Adaptive Behavior Scores As an Indicator of Severity of Functional Limitations in Children with Autism Spectrum Disorder: Results from a Population-Based Study

Poster Presentation
Thursday, May 2, 2019: 11:30 AM-1:30 PM
Room: 710 (Palais des congres de Montreal)
S. Furnier1, M. J. Maenner2, E. Rubenstein3, D. Christensen2 and M. S. Durkin4, (1)Population Health Sciences, University of Wisconsin-Madison, Madison, WI, (2)Centers for Disease Control and Prevention, Atlanta, GA, (3)Waisman Center at UW Madison, Madison, WI, (4)Population Health Sciences, University of Wisconsin School of Medicine and Public Health, Madison, WI
Background: Few epidemiologic studies of autism spectrum disorder (ASD) include information on functional status or severity of functional limitations, despite the increased emphasis in autism and disability classification systems on variations in functioning and levels of support required over the life course. Measures of adaptive behavior such as the Vineland Adaptive Behavior Scales were developed to measure levels of functioning in individuals with intellectual disability (ID), but their usefulness for measuring level of functioning in individuals with ASD, including those without co-occurring ID, is unclear.

Objectives: The aims of this study were to (a) describe variations in adaptive behavior scores in a large, population-based sample of children with ASD, including those with and without co-occurring ID; and (b) evaluate whether variations in adaptive behavior scores are associated with ratings of the level of impairment by clinician reviewers and other clinical features that might be related to ASD severity.

Methods: The Autism and Developmental Disabilities Monitoring (ADDM) Network is a multisite surveillance system that incorporates information from clinical and educational records of all 8-year-old children meeting diagnostic criteria for ASD in selected populations in the United States. For the present study, we combined cross-sectional data from the 15 ADDM Network sites that contributed ASD surveillance data for the period 2000-2012. Adaptive behavior, IQ scores and clinician ratings of autism symptom severity and other clinical data were available for 10,795 (47.3% of) children with ASD (8,843 boys, 1,952 girls). Adaptive behavior scores were classified based on population normative data as ≥average; borderline (between 1 and 2 standard deviations (sd) below the population mean); mild limitations (2-3 sd below the mean); and moderate to profound limitations (≥3 sd below the mean). Correlation and categorical (chi-square) analyses were used to evaluate associations between adaptive behavior results and indicators of autism symptom severity, overall and in analyses stratified by IQ categories and sex.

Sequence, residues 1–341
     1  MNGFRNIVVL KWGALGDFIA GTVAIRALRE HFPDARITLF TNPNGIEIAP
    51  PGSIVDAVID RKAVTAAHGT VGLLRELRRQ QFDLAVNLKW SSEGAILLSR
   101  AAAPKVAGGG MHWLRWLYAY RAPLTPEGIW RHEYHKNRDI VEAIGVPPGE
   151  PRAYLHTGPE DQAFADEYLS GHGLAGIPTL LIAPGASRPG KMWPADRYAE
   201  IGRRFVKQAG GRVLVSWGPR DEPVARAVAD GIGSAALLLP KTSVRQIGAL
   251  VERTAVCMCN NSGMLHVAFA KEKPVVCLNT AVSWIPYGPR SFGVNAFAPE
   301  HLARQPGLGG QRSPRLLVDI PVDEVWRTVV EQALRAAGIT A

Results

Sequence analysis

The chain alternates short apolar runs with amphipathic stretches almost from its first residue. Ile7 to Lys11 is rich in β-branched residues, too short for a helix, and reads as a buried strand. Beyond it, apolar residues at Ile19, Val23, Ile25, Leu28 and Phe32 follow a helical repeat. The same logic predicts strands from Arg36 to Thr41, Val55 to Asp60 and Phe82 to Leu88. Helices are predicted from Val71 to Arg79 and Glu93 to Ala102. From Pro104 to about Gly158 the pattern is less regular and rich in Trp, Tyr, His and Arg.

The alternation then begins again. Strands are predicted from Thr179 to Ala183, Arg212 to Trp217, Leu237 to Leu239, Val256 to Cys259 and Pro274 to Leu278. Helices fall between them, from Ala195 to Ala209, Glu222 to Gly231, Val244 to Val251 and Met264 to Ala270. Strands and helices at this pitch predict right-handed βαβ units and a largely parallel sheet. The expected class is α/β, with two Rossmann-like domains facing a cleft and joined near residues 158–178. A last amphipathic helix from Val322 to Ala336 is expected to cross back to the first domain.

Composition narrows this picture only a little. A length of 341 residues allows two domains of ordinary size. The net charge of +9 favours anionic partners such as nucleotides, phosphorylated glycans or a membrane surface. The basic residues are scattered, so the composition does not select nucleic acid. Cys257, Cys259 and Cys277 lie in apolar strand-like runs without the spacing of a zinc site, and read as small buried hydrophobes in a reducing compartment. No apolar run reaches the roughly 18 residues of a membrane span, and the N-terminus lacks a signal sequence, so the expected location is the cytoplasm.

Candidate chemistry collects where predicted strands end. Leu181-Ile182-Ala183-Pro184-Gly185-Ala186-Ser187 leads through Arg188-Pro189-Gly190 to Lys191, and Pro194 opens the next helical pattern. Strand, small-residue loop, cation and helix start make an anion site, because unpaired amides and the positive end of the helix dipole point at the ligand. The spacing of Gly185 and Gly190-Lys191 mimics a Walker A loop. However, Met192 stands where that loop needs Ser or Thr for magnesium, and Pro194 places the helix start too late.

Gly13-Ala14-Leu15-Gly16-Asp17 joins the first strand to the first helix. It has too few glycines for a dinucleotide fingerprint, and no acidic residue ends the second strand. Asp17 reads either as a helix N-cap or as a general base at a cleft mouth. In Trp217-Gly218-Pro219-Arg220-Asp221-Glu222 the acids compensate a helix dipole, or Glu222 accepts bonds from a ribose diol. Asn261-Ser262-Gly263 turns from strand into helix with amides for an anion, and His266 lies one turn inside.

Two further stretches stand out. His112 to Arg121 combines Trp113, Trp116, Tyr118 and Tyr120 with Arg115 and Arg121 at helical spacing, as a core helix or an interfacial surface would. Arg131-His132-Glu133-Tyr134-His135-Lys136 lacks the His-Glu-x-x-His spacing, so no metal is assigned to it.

Results: Adaptive behavior scores were positively correlated with IQ (Spearman rho=0.5, p<0.0001), as expected, and children with ASD and co-occurring ID were more likely (29.1%) to have ≥moderate limitations in adaptive behavior than were those without ID (6.6%, p<0.0001). Among the 3,639 children with ASD and IQ >85, adaptive behavior scores indicated functional limitations that were borderline for 40.0%, mild for 31.1% and moderate to profound for 5.3%. In this group, adaptive behavior scores were significantly (p<0.0001) inversely associated with the number of developmental concerns recorded, number of ASD diagnostic criteria met and clinician ratings of severity of autism impairments, but the strength of these associations were weak to moderate (rho=0.04 to 0.260). Stratified analyses showed similar patterns for boys and girls.

Conclusions: Adaptive behavior scores available in clinical and educational records may provide a reliable indicator of severity of functional limitations in children for use in epidemiologic studies of ASD. This analysis suggests that adaptive tests are capturing some of the variation in functional limitations in children with ASD that is not fully accounted for by variations in IQ or clinician ratings of impairment based on autism symptoms.